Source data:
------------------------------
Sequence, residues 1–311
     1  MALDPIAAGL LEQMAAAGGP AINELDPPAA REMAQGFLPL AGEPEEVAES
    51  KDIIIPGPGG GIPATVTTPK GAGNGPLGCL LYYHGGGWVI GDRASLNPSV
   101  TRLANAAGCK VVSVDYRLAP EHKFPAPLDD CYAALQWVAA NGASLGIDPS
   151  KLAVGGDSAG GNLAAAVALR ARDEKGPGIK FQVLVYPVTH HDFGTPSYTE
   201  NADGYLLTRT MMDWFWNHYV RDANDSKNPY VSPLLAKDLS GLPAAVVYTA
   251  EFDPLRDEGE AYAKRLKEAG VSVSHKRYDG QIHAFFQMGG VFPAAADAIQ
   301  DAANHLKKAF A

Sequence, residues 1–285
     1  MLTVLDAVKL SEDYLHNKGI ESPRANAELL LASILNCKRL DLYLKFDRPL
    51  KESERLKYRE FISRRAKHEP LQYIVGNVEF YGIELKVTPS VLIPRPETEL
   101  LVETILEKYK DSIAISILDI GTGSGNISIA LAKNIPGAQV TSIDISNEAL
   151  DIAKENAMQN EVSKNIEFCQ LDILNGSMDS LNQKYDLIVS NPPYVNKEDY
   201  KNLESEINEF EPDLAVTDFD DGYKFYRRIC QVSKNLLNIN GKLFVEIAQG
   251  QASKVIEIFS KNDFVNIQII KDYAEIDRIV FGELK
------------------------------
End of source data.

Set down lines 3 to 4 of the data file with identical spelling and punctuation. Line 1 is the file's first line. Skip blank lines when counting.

    51  KDIIIPGPGG GIPATVTTPK GAGNGPLGCL LYYHGGGWVI GDRASLNPSV
   101  TRLANAAGCK VVSVDYRLAP EHKFPAPLDD CYAALQWVAA NGASLGIDPS